Following a hearing in May 1991, Roberts was terminated on May 23, 1991, for violating the October 1990 last chance agreement. Roberts telephoned the Chief Steward of the Union, who advised him to apply for unemployment compensation benefits. More than nine months later, on March 9, 1992, Roberts' counsel sent a letter to PEPCO asking the company to reinstate Roberts. The company responded with a May 8, 1992, letter refusing to reinstate him. Subsequently, on August 26, 1992, and September 25, 1992, Roberts' counsel wrote to the union suggesting that Roberts had received unfair representation from the union and asking the union to exercise its option under the collective bargaining agreement to seek a waiver of the applicable 5-day time limit for filing a grievance over Roberts' discharge.2 By letter of October 26, 1992, the union informed Roberts that it would take no further action on his grievance and would not seek a waiver of the applicable bargaining procedures. On April 5, 1993, Roberts filed his lawsuit.
Roberts does not dispute that the 6-month statute of limitations recognized in DelCostello v. International Bhd. of Teamsters, 462 U.S. 151 (1983), applies to his federal causes of action. See Flores v. Levy Co., 757 F.2d 806 (6th Cir. 1985). Instead, he contends that he did not know that Local 900 had breached its duty of fair representation until October 1992, when Local 900 notified Roberts' counsel that it would not exercise its option to petition PEPCO for a variance of the grievance procedure or the time limits for filing grievances. Because his cause of action against the union accrued in October 1992, Roberts argues, he filed his complaint within the six-month statute of limitations applicable to unfair labor practice claims.
This court reviews the grant of a motion to dismiss de novo; to uphold the district court's dismissal, it must appear from the face of the complaint that plaintiff knew or should have known of his claims prior to six months before he filed suit. See Doe v. United States Dep't of Justice, 753 F.2d 1092, 1115 (D.C. Cir. 1985); see also Ghartey v. St. John's Queens Hosp., 869 F.2d 160, 162-63 (2d Cir. 1989); cf. Tele-Communications of Key West, Inc. v. United States, 757 F.2d 1330, 1335 (D.C. Cir. 1985) (failure to state a claim). From the face of the complaint, it is clear that the district court did not err in concluding that Roberts either knew or should have known of his federal causes of action more than six months before he filed his lawsuit.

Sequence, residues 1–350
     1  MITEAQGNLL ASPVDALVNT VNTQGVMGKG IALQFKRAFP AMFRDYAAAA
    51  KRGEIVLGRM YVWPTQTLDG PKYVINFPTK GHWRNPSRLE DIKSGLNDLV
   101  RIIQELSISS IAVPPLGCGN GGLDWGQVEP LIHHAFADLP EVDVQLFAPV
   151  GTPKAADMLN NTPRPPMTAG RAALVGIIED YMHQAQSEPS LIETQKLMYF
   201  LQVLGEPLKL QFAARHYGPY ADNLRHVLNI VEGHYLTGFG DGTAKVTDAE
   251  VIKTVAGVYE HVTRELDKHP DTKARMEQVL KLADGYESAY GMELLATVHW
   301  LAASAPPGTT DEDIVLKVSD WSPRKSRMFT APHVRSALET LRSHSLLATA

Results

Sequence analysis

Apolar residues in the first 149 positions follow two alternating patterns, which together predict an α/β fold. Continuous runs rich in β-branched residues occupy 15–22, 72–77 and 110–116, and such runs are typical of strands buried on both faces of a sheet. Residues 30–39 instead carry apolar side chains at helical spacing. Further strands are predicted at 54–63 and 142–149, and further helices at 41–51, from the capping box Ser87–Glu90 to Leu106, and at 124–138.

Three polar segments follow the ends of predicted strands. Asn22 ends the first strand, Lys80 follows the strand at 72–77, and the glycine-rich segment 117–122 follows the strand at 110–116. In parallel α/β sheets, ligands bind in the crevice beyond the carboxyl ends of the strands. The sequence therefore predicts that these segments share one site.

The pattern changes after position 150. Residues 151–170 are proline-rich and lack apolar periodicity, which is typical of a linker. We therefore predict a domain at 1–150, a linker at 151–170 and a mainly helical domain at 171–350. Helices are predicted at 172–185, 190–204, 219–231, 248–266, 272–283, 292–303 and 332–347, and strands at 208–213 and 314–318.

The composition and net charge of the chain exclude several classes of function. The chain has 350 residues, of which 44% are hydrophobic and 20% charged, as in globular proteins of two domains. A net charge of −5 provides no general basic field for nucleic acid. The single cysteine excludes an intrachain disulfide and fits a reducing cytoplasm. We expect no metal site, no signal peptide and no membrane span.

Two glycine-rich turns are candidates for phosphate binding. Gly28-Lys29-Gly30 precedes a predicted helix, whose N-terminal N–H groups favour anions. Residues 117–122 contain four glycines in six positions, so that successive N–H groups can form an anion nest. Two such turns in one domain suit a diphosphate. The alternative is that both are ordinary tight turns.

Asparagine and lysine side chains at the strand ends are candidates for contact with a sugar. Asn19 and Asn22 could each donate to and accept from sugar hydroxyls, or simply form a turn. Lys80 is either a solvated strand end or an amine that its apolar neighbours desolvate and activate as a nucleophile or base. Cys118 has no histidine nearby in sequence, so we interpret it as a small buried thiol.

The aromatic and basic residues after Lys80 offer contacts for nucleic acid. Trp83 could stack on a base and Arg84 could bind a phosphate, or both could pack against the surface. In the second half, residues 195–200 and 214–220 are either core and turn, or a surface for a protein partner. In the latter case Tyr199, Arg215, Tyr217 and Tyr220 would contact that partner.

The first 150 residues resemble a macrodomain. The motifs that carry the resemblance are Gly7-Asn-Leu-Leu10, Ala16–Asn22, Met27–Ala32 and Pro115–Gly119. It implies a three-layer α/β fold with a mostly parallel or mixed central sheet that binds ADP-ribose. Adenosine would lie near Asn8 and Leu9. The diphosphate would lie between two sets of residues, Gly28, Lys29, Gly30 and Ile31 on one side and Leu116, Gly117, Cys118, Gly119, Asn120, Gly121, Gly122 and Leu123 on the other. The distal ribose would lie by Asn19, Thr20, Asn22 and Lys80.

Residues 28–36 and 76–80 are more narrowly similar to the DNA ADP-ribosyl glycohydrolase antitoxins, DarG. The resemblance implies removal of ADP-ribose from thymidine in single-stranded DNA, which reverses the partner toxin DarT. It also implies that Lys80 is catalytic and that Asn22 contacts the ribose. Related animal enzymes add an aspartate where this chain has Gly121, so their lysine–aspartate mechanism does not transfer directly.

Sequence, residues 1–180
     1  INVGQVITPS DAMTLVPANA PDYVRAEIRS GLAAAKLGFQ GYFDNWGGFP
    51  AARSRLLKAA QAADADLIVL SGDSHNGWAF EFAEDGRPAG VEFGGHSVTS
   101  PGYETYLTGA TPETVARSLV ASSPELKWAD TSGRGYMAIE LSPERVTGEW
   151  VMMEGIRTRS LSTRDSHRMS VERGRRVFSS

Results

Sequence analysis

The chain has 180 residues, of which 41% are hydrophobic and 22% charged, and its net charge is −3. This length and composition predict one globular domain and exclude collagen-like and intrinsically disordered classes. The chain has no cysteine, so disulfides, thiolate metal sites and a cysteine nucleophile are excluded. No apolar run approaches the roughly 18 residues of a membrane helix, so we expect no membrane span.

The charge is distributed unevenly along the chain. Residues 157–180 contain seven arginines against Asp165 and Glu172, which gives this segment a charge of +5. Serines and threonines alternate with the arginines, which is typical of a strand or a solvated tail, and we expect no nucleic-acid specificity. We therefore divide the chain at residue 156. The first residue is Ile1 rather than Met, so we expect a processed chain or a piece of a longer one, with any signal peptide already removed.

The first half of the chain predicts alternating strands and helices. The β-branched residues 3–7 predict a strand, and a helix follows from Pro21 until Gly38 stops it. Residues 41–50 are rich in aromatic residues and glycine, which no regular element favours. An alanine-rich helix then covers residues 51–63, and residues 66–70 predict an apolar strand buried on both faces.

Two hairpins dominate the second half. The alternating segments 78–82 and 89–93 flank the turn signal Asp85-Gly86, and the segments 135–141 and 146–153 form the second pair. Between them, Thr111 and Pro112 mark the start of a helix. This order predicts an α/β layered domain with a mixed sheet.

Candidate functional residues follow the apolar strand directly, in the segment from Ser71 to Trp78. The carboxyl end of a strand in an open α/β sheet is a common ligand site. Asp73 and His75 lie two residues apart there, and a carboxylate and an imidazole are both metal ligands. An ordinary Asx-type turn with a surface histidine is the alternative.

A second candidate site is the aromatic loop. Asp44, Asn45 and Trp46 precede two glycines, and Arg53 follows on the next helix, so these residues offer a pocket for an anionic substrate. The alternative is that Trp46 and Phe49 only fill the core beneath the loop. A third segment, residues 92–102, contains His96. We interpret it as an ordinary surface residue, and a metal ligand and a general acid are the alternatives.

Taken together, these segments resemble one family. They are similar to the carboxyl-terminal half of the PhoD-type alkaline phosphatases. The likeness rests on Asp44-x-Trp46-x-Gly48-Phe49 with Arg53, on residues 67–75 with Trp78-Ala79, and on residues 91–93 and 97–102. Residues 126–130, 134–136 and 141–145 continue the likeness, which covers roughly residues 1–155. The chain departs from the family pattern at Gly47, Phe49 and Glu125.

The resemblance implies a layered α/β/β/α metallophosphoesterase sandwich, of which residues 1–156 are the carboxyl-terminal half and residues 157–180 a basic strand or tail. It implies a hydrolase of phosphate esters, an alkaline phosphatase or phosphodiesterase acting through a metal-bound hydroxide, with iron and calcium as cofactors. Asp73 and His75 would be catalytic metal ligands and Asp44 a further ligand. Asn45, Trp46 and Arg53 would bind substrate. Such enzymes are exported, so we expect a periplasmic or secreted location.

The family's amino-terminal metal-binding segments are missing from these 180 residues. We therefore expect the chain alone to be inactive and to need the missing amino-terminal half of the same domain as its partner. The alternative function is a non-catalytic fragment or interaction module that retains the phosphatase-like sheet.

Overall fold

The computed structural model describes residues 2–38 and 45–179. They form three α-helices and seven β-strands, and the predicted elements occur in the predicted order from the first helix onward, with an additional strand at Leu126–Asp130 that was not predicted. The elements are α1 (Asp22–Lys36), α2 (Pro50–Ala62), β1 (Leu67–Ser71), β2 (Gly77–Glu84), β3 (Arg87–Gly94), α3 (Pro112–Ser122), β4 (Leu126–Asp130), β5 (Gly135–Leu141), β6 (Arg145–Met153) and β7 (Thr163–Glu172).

First, for the claims alleging that PEPCO or Local 900 breached a duty by entering into the last chance agreements, the district court properly found that the statute of limitations had run. Roberts' complaint does not allege any facts to suggest that either the company or the union concealed information from him regarding either the agreements themselves or his employment status prior to entering into the agreements.3 Nor does he allege that the union had any obligation or right to grieve the terms of the agreements after the parties had signed them. Any breach of duty resulting from the agreements therefore accrued at the time that they were entered into. Cf. United Indep. Flight Officers v. United Air Lines, 756 F.2d 1262, 1273 (7th Cir. 1985) (" [c]auses of action based on entry into collective bargaining agreements accrue ... when the contract is signed").